Constituency matters… a weekly column by the Member of Parliament for Folkestone and Hythe, Damian Collins 12 May 2021.

EDF energy, the operators of Dungeness B nuclear power station are expected in the next few months to decide on its future. Its two reactors began producing electricity in 1983 and 1985 respectively and currently have an operating license to continue until 2028.

Dungeness B has been offline for planned maintenance since 2018, however as a result of these works some more complex issues have been discovered that have delayed its return.

The company is now considering whether or not it will be possible to bring the station back into operation in good time before its current license expires.

Dungeness B was designed in the 1960s and had been due to begin generating power as early as 1970. In 2015, it was also granted a ten-year extension to its license to take it up to 2028. It is inevitable that at some point a decision will be made on when to close its operations. I hope that Dungeness B can continue its active life until 2028, and EDF is working on proposals to try and achieve this outcome. However, it may be that this will not be possible, and in that case EDF could begin the defueling of the power station before the end of this year.

I recently met with John Benn, the Station Director of Dungeness B, to discuss its future. He confirmed to me that even if a decision is made to begin defueling, that most of the jobs at the station would be retained to manage this process.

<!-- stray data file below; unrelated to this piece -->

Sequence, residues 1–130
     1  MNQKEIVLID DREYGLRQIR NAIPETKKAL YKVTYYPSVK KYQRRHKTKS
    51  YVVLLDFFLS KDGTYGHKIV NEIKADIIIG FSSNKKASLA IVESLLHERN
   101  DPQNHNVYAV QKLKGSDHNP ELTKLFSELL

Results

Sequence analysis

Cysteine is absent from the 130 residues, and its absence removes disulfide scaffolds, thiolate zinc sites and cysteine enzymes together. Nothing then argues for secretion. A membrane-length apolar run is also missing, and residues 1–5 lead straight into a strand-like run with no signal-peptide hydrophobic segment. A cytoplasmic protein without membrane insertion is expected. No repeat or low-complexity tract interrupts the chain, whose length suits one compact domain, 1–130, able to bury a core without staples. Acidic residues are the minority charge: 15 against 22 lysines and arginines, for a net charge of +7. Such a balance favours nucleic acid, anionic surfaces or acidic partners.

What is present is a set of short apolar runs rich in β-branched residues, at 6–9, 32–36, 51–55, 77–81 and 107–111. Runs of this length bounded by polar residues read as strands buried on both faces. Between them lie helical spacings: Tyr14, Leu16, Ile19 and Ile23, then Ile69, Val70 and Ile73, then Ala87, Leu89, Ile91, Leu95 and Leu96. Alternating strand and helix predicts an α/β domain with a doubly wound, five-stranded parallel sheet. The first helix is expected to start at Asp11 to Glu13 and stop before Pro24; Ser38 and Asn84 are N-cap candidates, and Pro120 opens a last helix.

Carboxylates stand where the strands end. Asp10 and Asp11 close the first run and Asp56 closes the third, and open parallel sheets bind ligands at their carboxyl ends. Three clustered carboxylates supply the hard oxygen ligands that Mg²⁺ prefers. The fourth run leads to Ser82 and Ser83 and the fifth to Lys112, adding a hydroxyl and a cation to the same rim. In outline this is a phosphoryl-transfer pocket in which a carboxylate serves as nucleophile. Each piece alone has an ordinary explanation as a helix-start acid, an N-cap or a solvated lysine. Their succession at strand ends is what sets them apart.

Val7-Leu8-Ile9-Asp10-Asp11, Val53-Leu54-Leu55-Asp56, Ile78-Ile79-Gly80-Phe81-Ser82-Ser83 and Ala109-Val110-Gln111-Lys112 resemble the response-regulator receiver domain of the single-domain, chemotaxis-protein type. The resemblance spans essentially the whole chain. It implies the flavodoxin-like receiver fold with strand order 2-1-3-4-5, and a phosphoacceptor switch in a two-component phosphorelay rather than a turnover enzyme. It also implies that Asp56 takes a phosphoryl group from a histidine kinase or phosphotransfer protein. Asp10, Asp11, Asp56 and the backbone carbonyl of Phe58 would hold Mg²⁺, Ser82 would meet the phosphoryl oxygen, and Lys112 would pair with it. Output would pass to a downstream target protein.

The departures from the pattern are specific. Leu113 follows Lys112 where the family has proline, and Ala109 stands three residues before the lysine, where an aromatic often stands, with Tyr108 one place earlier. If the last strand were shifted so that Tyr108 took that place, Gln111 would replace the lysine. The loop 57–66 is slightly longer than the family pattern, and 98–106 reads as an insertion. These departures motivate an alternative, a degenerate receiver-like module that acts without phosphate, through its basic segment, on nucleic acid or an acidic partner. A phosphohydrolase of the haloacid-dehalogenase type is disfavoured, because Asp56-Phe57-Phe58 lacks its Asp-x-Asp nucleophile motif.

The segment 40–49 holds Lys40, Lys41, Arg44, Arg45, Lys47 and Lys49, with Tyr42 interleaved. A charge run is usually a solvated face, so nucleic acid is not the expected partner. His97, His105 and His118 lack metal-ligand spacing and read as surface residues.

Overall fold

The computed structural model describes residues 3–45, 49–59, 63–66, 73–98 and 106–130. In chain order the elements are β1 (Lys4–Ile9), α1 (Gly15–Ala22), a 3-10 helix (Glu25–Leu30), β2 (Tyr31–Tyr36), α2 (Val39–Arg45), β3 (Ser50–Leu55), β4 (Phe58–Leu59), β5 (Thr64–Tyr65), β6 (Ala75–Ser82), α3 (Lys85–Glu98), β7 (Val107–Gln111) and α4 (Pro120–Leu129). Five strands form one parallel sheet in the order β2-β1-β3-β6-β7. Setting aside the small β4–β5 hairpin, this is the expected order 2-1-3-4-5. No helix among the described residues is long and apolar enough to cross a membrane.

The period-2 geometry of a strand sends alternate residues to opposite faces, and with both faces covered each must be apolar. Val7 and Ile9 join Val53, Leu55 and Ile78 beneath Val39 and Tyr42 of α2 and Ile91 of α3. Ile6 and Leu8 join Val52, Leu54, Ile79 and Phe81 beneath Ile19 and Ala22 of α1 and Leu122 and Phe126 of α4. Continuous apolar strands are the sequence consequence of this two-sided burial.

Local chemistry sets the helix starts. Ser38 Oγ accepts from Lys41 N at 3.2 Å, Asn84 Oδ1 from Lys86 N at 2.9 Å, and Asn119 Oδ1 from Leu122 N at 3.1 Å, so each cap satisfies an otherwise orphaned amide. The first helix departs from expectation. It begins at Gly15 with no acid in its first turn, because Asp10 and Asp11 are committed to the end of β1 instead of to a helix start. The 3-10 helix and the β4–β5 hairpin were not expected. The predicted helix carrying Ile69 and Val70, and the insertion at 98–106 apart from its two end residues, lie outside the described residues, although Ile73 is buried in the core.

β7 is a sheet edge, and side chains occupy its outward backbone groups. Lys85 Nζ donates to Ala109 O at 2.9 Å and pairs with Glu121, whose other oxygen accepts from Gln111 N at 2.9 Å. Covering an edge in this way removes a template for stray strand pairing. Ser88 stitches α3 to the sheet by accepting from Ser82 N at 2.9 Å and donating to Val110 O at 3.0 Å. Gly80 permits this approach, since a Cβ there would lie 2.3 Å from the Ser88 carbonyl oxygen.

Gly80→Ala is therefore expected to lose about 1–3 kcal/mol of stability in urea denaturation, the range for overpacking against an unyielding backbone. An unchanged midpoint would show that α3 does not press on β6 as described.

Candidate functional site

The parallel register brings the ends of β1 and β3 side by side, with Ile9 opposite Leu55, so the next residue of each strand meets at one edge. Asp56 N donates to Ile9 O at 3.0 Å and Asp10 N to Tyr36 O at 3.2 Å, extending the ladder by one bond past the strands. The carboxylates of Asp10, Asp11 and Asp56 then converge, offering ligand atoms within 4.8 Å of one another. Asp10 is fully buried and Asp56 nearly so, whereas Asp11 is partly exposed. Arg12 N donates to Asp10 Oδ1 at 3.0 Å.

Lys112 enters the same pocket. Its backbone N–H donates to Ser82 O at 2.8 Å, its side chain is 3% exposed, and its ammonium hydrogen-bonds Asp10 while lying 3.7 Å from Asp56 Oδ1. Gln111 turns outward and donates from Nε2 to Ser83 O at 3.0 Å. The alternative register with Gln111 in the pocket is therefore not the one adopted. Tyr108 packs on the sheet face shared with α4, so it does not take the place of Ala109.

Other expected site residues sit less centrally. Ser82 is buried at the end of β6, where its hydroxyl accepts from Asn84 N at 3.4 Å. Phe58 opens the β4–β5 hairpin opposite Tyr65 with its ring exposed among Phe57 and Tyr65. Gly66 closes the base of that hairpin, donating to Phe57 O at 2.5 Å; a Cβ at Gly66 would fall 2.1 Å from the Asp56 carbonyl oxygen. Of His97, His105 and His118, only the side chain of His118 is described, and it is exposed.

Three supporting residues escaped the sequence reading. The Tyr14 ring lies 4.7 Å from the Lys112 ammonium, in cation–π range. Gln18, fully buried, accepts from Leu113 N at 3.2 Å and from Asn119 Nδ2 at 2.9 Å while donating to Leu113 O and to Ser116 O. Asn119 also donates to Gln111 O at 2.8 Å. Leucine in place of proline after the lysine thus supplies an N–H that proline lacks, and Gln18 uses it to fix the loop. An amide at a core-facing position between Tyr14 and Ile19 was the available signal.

The defueling itself could take between five and ten years and must be completed before the station is handed over to the Nuclear Decommissioning Authority. The decommissioning itself takes many years and requires the employment of hundreds of staff. For example, Dungeness A ceased operations in 2006, completed defueling in 2012, and is not expected to enter the site ‘care and maintenance’ phase of its decommissioning until 2027.

I believe though that the future of the nuclear industry at Dungeness should involve more than the management of the closure of the existing infrastructure. It was for this reason that since my first election to parliament in 2010, I have campaigned for new nuclear reactors for Dungeness.

Nuclear power still has an important contribution to make in supplying our ongoing need for low carbon sources of electricity. As a result of the constrained site at Dungeness, it was not selected as a location for one of the huge new reactors, like those currently being built at Hinkley Point in Somerset.

However, I believe Dungeness could be ideal for the latest development in the nuclear industry, known as small modular reactors (SMRs). This is harnessing the system used to power nuclear submarines, to generate electricity for civil use. SMRs will be constructed in a factory and then assembled on site. I have spoken with Rolls Royce, who are leading a consortium of businesses working with the government to develop and deliver a fleet of SMRs. Given Dungeness is an existing nuclear site, already has national grid connections, and is in an area of high energy demand, this could be an ideal location.

By Ed

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